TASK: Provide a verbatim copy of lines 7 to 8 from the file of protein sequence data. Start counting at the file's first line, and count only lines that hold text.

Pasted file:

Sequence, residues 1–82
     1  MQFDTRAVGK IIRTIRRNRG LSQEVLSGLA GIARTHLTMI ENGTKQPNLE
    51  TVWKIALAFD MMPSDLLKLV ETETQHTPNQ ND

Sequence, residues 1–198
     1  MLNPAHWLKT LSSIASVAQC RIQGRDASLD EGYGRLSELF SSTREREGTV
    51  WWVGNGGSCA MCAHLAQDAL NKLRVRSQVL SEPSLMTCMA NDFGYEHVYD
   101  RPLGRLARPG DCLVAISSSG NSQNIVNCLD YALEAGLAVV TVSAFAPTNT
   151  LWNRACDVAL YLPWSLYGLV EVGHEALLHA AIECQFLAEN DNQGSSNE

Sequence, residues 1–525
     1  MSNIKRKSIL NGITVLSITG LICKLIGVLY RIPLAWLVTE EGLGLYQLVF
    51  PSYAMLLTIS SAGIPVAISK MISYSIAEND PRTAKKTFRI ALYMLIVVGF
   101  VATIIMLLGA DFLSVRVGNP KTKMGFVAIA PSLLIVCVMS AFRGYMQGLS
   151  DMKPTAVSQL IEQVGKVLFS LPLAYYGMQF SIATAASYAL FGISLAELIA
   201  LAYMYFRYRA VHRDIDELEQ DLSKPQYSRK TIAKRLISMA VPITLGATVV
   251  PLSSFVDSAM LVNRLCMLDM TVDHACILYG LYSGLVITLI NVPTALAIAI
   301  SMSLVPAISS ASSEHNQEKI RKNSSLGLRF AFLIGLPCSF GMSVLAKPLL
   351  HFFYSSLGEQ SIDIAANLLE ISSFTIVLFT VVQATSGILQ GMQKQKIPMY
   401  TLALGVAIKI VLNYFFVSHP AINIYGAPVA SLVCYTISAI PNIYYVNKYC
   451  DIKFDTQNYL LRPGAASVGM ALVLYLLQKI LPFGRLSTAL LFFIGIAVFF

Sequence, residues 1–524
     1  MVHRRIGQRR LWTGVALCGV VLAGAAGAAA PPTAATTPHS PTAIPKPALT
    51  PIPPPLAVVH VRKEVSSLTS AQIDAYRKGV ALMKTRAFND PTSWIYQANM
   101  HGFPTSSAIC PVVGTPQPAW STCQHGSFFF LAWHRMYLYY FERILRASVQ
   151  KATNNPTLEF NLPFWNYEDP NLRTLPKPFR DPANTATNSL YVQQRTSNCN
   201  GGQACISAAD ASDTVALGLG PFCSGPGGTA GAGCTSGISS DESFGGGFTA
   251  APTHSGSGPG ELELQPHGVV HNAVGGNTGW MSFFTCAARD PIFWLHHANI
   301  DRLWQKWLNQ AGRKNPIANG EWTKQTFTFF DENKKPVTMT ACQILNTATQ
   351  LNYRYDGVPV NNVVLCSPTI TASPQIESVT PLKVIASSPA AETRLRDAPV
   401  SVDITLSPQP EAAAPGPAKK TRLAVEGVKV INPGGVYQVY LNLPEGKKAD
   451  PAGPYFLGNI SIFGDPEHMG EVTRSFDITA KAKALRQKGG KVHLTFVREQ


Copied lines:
   101  RPLGRLARPG DCLVAISSSG NSQNIVNCLD YALEAGLAVV TVSAFAPTNT
   151  LWNRACDVAL YLPWSLYGLV EVGHEALLHA AIECQFLAEN DNQGSSNE